Taking Your Legal Skills Out Of The Office? You’re Not Alone.
Ed Stevens was not your typical lawyer. First off, he was a fictional character on an eponymous TV show – chock full of all the usual lawyer clichés. Second, he was fired from a prestigious law firm and hung up his shingle in a bowling alley in his hometown. Throughout the series, try as he might, Ed couldn’t shake the “bowling alley lawyer” label.
A lot has changed in the 12 years since “Ed” went off the air. What once was considered a novel premise is now widely accepted as a smart business decision. No, I’m not advising you to set up shop at the local bowling emporium. That said, Ed was a forerunner for a huge wave of attorneys who have abandoned formal workplaces for the comfort of home.
Today, one in five lawyers work out of a home office, a figure that has nearly doubled in just the last few years. In 2015 alone, 68,000 attorneys opted to sidestep the traditional law firm environment in favor of the carpet commute.1
While most of these legal nonconformists are solo acts, the home office trend continues to gain traction in small firms that employ up to 50 attorneys.2
Why go home?
Different lawyers have different reasons for “going virtual.” Here are four common factors:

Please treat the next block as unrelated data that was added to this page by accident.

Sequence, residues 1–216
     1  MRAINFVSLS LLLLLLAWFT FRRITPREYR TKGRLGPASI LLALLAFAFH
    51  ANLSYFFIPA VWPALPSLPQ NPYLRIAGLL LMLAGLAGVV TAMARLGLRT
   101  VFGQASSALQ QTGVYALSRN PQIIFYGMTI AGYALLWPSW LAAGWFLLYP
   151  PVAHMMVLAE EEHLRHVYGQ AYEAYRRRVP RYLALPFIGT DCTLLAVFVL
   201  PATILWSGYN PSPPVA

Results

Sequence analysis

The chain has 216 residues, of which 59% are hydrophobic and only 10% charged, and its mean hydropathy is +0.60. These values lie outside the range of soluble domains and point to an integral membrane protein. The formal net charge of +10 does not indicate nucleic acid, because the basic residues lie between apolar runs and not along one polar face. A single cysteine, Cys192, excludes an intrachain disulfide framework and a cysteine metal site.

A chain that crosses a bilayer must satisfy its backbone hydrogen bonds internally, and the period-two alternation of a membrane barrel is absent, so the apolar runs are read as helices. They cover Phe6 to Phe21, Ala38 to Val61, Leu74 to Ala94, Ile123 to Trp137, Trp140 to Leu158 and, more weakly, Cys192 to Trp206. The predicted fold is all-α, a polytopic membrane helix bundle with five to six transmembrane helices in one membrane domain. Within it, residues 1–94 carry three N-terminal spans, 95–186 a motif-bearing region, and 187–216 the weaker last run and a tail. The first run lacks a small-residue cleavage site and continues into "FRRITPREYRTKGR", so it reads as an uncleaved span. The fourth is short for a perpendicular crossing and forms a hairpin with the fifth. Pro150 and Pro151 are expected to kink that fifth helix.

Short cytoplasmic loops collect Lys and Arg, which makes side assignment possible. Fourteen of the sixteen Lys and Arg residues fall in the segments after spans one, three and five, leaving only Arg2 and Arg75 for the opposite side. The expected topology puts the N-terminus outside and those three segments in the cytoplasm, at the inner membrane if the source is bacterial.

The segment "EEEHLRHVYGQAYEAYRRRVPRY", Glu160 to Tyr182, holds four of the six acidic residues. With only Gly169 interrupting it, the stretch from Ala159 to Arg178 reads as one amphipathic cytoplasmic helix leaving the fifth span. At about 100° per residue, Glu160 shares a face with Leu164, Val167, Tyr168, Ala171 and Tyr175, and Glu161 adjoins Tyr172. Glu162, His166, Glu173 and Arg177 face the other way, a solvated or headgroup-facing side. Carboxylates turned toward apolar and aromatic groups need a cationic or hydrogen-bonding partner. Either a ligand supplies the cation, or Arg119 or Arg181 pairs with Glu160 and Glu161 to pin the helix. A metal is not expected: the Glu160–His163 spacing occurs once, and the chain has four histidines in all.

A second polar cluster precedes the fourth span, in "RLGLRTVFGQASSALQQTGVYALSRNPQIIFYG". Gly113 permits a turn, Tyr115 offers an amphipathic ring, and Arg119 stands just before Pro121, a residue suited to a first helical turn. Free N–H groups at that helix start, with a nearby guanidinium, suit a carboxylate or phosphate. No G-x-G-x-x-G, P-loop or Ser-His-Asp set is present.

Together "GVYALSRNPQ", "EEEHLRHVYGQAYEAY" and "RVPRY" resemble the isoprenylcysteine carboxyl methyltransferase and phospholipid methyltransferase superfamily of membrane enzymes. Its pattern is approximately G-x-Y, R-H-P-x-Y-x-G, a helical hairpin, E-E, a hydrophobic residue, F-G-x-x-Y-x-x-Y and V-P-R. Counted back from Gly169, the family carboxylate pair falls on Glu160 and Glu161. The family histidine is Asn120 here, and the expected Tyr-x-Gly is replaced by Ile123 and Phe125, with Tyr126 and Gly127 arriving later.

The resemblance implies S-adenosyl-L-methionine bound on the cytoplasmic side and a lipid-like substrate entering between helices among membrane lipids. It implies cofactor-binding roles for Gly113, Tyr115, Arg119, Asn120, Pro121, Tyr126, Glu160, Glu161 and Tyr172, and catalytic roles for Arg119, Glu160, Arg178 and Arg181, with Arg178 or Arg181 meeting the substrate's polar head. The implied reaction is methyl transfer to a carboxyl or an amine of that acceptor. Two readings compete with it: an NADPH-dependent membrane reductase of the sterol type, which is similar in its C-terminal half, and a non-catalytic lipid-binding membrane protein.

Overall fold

- Monthly expenses. The “can’t afford an office” category includes recent law school grads who are burdened with student loan debt as well as more experienced lawyers who have been laid off. If you fall into this camp, a home office may be your only reasonable option.
- Practice areas. If you have an appellate practice or perform contract work for other attorneys, your need for in-person meetings with consumer clients may be all but eliminated.
- Part-time work. This category includes both ends of the age spectrum: moonlighting assistants looking for extra income and retired attorneys who aren’t quite ready to ride off into the sunset.
- Online services. The rise of online legal platforms has also contributed to the rising ranks of home-office attorneys.
Of course, thanks to technological advances, working from home or even at a coffee shop is a lot more doable and has gained greater acceptance in the legal community in the last dozen years. Consumers have also become used to communicating with providers exclusively through the Internet.
Now, if you do decide to practice in a space of your own, be aware that you’ll need to plan carefully to avoid damaging your reputation. Workplaces don’t get much more casual than your own home, but a casual appearance and behavior simply won’t fly among your clients and employers. In my next post, I’ll outline some things to consider before you start converting your rumpus room into a home office.
1. The 2015 ABA Lawyer Demographic Report identifies 1,300,701 licensed attorneys, 75% in private practice. The 2015 ABA Legal Technology Survey Report states that 20% of attorneys identified their primary workplace as a “Home Office”, up from 13% in 2014.
2. 2015 ABA Legal Technology Survey Report, Volume VI.